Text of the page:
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Naft, McCurdy, Miller lead big in Clark County Commission races

Updated June 10, 2020 - 6:11 pm

Clark County Commissioner Michael Naft, Assemblyman William McCurdy II and former Nevada Secretary of State Ross Miller held decisive leads in three Democratic races for a seat on the powerful commission, according to early unofficial results released Wednesday.

The Nevada Secretary of State’s office showed each candidate ahead by no less than 22 percentage points over their closest competitors.

The votes did not account for mail ballots received on primary Election Day on Tuesday. The results came after at least some voters waited more than seven hours to cast a ballot amid long lines across the Las Vegas Valley.

District A

Naft had 71 percent of the vote against challenger Ken O’Sullivan, who had 28 percent of 9,600 total votes counted so far, according to the secretary of state.

“It’s really overwhelming the support that I’ve received from thousands of people who exercised their civic responsibility by casting their vote,” Naft said Wednesday.

He said he brought a laptop to his backyard to watch results Tuesday night, joined by his wife, parents and two friends, and enjoyed pizza. But despite a long delay before results were posted due to extraordinarily long lines, he said he returned to work at 7:30 a.m. Wednesday and “(I) can’t say I went to bed.”

Naft, 33, was handpicked by Gov. Steve Sisolak in January 2019 to replace the newly elected governor on the commission. This election marks Naft’s first effort to win over voters for the seat.

Before his appointment, Naft served as a top aide to Democratic Rep. Dina Titus. He has said he never intended to run for office but could not pass up the opportunity when Sisolak called, and he believed he “owed” it to the governor “to continue the legacy the way he wanted.”

Naft has pointed to investments in social services during his term, including $12 million in marijuana business license fees toward homelessness programs, as an indicator that the county is in a “decent position” to remain responsive during an ongoing public health crisis that has created severe economic challenges.

Naft has also been a supporter of transportation safety during his nearly 18 months as a county lawmaker, serving as the chairman of the newly formed Traffic Safety Commission.

District A covers the Las Vegas Strip, the near southwestern valley and a large swath of territory to the border with California.

Naft appears on his way to face off against Republican Michael Thomas, a retired law enforcement professional, in the November general election.

District C

Miller, 44, had garnered nearly 43 percent of the vote against five challengers. Hunter Cain, a former aide to Rep. Dina Titus, collected 18 percent and was in second. Nearly 11,000 total votes had been counted, according to the secretary of state.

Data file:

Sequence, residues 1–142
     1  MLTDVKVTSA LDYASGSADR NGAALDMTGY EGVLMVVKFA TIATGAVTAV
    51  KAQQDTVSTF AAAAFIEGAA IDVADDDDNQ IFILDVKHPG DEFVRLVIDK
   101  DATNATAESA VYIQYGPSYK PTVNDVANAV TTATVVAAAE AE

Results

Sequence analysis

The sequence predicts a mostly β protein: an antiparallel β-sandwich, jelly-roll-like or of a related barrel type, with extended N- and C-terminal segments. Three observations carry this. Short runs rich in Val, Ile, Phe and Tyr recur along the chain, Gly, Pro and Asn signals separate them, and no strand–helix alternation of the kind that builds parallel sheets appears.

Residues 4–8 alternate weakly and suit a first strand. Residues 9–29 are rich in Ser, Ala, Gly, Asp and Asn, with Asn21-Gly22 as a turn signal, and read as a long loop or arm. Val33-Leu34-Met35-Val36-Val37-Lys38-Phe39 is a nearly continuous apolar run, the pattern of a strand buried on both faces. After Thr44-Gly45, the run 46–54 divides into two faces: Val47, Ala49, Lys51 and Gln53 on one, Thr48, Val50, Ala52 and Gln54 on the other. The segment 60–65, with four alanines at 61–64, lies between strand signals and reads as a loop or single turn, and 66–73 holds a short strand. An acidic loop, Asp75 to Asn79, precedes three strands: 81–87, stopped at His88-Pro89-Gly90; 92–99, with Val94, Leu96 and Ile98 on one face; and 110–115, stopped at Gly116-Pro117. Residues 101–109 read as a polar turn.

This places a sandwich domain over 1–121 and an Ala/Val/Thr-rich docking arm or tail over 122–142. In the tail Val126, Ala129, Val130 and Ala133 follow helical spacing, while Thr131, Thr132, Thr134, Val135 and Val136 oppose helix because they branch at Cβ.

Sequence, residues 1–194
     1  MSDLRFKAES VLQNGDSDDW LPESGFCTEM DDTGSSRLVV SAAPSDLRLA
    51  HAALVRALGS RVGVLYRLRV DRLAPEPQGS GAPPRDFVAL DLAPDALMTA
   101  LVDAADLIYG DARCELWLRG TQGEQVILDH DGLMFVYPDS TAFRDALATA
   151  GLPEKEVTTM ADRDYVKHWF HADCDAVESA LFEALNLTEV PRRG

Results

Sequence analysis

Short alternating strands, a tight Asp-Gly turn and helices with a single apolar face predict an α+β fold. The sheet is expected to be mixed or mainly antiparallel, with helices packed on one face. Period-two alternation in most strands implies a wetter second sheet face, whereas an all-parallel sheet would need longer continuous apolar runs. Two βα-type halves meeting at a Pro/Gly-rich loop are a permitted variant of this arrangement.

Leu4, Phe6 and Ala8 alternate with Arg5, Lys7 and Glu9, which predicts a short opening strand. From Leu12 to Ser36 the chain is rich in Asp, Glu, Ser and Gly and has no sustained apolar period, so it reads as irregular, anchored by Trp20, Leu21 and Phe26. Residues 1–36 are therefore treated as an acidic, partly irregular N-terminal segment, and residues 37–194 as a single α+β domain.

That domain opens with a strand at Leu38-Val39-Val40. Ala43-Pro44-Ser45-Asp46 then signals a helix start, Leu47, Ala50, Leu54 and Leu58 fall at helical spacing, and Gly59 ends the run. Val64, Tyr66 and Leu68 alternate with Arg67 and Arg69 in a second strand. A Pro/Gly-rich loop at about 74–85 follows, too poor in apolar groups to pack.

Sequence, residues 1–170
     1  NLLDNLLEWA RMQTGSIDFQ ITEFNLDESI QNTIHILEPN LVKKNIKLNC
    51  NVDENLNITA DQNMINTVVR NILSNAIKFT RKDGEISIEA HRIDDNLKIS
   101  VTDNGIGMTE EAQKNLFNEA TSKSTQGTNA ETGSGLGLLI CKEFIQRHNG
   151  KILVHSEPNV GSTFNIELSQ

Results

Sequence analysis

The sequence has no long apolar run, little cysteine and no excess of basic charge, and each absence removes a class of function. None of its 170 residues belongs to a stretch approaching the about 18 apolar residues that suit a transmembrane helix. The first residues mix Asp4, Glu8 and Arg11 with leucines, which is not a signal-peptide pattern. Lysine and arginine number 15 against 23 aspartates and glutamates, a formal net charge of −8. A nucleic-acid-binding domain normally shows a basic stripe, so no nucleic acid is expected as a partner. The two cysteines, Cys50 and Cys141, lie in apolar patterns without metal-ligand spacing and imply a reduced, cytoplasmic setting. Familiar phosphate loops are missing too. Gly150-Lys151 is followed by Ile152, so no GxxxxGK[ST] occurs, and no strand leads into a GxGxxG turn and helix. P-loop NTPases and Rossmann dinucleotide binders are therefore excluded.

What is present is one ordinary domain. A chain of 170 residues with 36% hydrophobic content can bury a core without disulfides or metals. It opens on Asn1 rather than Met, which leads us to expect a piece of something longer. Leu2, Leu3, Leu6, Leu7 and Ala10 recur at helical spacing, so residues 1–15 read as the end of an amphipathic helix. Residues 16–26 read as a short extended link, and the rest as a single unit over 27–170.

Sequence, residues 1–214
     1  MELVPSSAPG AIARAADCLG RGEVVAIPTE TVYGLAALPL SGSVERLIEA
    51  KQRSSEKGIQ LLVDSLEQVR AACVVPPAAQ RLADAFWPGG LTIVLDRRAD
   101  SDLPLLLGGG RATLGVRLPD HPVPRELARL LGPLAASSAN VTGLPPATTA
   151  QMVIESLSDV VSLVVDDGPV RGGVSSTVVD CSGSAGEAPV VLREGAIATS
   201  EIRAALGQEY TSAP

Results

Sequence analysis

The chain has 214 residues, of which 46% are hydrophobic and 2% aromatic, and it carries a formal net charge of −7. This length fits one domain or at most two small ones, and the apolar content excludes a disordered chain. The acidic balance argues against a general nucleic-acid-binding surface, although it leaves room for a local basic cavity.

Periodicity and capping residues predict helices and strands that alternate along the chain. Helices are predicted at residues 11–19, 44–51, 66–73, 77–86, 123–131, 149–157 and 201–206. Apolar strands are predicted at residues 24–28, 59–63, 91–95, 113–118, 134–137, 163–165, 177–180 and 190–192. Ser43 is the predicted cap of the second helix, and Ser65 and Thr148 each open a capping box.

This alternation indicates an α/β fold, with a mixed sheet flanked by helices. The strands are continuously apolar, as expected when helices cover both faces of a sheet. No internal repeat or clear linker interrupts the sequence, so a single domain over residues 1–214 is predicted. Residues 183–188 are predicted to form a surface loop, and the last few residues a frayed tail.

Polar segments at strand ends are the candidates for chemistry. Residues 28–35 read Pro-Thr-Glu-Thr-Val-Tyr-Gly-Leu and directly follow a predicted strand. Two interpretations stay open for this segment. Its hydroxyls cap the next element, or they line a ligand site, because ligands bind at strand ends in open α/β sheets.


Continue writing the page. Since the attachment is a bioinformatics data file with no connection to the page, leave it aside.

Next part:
The most visible candidate in the race due to his former role as secretary of state, Miller has said he saw the commission as an avenue to resume a career in public service.

A two-term secretary of state, beginning in 2007, Miller has said he believed the contest to replace term-limited Commissioner Larry Brown boiled down to whomever had the experience to navigate the county through the present public health and economic crisis.

District C covers the northwest Las Vegas Valley.

Miller appears headed toward a contest with Republican Las Vegas Councilman Stavros Anthony in the November general election. He said he was “thrilled at this point” to have emerged from a crowded primary and, after largely suspending his campaign during the pandemic, looking forward to a “new normal” of campaigning heading into the fall.

District D

McCurdy, 32, held nearly 42 percent of the vote against six other challengers. Clark County public information administrator Tanya Flanagan garnered the second-most votes, with nearly 20 percent. Nearly 6,000 votes had been counted in that race, according to the secretary of state.

McCurdy, the chairman of the state Democratic Party, has said he threw his hat in the race, like Miller, in part because changes can be made on the county level more swiftly than in the statehouse. The seat is presently occupied by term-limited Commissioner Lawrence Weekly.

Throughout the pandemic, McCurdy has said he has put in the work to address one of two immediate top priorities: Helping families recover from the public health and economic crisis. His other focus is on keeping the county government solvent amid major financial challenges resulting from statewide closures in response to the virus.

He has said he also wants to boost the economic fortunes of lower-income communities.

The district covers downtown and east Las Vegas, the Historic Westside and portions of North Las Vegas.

With no Republican on the ticket, McCurdy appears poised to face off against three independent candidates in the November general election: nonprofit director Henry Thorns, former Las Vegas Fire Chief David Washington and Stanley Washington.

District B

Commission Chairwoman Marilyn Kirkpatrick is seeking re-election, but she did not face a primary challenge because no other Democrats filed to compete for the seat. Republican Kevin Williams and Warren Markowitz, who is running on the Independent American ticket, have filed to contest Kirkpatrick’s re-election bid in the November general election.

Contact Shea Johnson at sjohnson@reviewjournal.com or 702-383-0272. Follow @Shea_LVRJ on Twitter.

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